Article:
Zintle Mpupha, 28, didn’t know what she was signing up for, but her yes was emphatic nevertheless when presented with the opportunity of playing professional rugby. “It was always a dream to go and play overseas,” said Mpupha, captain of the women’s national Sevens rugby team and South Africa’s first woman to feature in the Allianz Premier 15s in England. “It didn’t matter where it was … When it finally happened, I jumped at the opportunity.
“I didn’t know anything about Exeter Chiefs. I didn’t know anything about the Allianz Premiership. And I said yes without even having to look into it. It was so crazy that I’d be ticking another box in my career. Yes, it took so long, but it’s always my plans but God’s timing.”
The multitalented athlete, who was born in Ixesi (Middledrift) in the Eastern Cape, was always destined to make it big. She played cricket and rugby for Border, but rugby won the fight for her affection. She moved to Stellenbosch to play for the national Sevens team and eventually become only the second South African woman after Springbok captain Babalwa Latsha, who joined a Spanish side, to sign a professional contract. Mpupha plays for the Sevens and 15-women teams.
“I was really honoured to be the first player in my country to play in the Premier 15s league, and I hope my move will change a lot of young rugby players’ minds into thinking of the broader opportunities. The welcoming was so warm and I felt appreciated for coming there. A lot of names to remember, though,” she laughs. “It took me a little while to remember everyone’s names.
“Chiefs is a very nice club filled with all the different players from different countries and the culture is good too. It’s a very diverse team. The culture is a bit different for me, though, and we play a different kind of rugby too to what I am used to. I’d say it’s different to our style of play. It’s a mixture of being tactical and physical. At the same time, this side and back at home would be regarded as very physical teams.”
Right place at the right time
The move to Europe came at the right time for Mpupha, with Stanley Raubenheimer’s Springboks making their maiden appearance at the Rugby World Cup. The tournament was scheduled for 2021, but Covid-19 pushed it out to later this year.
There will be plenty of big moments for Mpupha as South Africa will host the eighth edition of the Rugby World Cup Sevens in Cape Town this year. It will be the first time this tournament is hosted in Africa and features the best 24 men’s and 16 women’s rugby Sevens teams.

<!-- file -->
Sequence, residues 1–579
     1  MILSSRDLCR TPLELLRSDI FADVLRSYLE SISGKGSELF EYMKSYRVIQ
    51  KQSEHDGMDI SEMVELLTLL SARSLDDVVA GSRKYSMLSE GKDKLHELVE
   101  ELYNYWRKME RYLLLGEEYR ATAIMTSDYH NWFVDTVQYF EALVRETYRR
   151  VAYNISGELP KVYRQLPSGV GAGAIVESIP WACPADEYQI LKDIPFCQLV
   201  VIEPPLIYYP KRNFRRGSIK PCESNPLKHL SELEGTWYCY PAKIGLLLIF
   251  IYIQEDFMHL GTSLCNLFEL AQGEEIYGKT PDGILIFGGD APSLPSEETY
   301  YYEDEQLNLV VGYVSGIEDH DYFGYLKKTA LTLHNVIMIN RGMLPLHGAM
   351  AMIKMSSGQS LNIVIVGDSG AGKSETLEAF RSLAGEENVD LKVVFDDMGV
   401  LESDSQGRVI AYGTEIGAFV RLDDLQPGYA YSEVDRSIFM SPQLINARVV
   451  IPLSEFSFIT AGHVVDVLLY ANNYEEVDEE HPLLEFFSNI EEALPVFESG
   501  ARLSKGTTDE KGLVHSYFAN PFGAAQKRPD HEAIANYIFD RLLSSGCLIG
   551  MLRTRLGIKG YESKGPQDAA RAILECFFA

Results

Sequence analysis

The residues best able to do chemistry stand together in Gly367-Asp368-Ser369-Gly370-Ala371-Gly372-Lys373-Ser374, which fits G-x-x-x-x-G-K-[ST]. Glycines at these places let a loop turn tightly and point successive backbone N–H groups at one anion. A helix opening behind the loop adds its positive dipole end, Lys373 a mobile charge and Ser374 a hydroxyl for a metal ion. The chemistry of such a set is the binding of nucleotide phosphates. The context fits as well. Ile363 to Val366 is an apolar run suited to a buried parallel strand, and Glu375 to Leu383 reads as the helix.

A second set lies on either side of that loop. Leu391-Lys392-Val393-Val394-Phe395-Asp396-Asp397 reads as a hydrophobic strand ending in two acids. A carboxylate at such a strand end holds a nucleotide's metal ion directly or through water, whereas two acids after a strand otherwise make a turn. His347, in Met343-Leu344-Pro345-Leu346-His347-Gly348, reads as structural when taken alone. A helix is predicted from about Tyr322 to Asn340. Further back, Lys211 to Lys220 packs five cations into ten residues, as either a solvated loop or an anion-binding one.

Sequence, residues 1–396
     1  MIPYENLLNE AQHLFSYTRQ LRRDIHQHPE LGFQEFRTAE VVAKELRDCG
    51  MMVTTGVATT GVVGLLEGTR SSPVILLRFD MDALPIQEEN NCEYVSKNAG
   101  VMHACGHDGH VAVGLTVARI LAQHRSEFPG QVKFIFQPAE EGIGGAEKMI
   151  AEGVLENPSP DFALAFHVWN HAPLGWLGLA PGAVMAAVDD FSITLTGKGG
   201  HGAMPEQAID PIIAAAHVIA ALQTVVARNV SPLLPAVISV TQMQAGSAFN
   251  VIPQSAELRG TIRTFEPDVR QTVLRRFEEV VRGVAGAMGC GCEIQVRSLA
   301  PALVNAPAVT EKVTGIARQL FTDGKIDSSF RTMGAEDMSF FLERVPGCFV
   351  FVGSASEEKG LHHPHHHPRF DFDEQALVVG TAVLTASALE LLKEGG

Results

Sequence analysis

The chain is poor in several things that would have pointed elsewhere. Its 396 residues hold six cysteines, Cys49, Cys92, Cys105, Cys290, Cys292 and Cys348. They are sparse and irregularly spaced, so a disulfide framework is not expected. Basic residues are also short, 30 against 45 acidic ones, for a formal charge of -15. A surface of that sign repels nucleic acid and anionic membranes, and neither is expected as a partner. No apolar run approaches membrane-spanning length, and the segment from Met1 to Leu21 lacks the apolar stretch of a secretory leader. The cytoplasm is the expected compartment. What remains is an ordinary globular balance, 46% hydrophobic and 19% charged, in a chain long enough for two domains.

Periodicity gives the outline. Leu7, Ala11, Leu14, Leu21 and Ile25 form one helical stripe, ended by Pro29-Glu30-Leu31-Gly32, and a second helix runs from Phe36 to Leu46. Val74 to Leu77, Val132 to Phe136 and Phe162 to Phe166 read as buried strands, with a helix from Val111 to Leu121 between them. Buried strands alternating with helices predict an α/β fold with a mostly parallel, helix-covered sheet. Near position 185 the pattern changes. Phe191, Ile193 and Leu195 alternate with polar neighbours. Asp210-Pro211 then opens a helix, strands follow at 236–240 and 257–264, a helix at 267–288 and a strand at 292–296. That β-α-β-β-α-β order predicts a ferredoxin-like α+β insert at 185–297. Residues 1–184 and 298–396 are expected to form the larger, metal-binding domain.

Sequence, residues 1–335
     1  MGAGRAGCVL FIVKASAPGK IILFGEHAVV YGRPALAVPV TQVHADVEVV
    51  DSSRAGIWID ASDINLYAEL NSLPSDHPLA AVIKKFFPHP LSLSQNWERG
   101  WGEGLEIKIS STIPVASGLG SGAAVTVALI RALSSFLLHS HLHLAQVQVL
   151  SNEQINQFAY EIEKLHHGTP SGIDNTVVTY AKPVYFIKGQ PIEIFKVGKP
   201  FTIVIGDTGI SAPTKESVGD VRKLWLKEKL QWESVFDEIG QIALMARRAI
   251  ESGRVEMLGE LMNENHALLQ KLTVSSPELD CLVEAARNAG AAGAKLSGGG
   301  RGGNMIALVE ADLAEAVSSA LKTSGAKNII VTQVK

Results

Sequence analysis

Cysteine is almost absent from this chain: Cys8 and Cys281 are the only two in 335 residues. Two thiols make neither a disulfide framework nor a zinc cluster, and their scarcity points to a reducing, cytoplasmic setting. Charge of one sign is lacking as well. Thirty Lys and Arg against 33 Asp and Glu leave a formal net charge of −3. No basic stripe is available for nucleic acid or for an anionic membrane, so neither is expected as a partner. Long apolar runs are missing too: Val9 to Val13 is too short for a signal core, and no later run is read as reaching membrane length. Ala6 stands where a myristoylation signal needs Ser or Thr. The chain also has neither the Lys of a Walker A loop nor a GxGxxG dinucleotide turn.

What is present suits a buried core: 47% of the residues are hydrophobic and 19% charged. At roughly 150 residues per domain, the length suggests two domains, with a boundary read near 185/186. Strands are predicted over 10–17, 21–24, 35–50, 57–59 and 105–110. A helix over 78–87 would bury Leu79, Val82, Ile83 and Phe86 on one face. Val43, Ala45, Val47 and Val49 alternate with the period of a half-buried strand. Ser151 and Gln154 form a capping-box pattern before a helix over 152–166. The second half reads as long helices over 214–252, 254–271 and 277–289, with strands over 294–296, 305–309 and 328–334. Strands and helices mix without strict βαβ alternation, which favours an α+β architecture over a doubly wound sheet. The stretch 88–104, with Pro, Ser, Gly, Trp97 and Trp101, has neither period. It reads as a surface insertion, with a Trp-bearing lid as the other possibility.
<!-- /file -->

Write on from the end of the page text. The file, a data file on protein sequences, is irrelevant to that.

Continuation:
Mpupha has played seven Tests for the Springboks since making her debut in 2018. She knew she needed more game time to stay fit ahead of the World Cup and Rugby World Cup Sevens. Recently she was called up by Sevens coach Paul Delport for his squad in Toulouse for the France Sevens.
“It is lovely to be with the girls again. It’s always great to just see people you haven’t seen in a while. I am super excited to play with the ladies once again,” said Mpumpa.
“When a call came to play for Chiefs, I never hesitated. It was an easy decision for me to make. That was also one of the reasons I agreed to play for Chiefs – to get more game time and learn as much as I could for the World Cup. I am very excited about it, but this means hard work still needs to be put in for me to be selected first. Otherwise I am ready and more than just excited.”
‘Up for the challenge’
A new crop of young players is coming up through the junior ranks to debut for the 15-women team, so the experience of players such as Mpupha will come in handy.
Mpupha says South Africa is full of potential and will be a big threat on the world stage. “A lot of work has been put in. I am confident enough to say that the World Cup is the stage we want to play in, against the best in the world, which will show where we are. As a team we are ready and up for the challenge.
“I would love to still be involved in our system. l still believe if we have people who have walked the path before in certain positions it would make the lives and careers of future Boks much easier. So I am looking into being the team biokineticist one day, and I believe we have never had a female one before,” said Mpupha, who studied human movement sciences.
“A lot of people had a huge impact on my rugby career. It’s a very long list of names, whether it was on the field or off the field. But I really am grateful that I was brought up in the Eastern Cape, where I’ve learnt everything about rugby and the province itself is known as the source of Springboks and Springbok women.”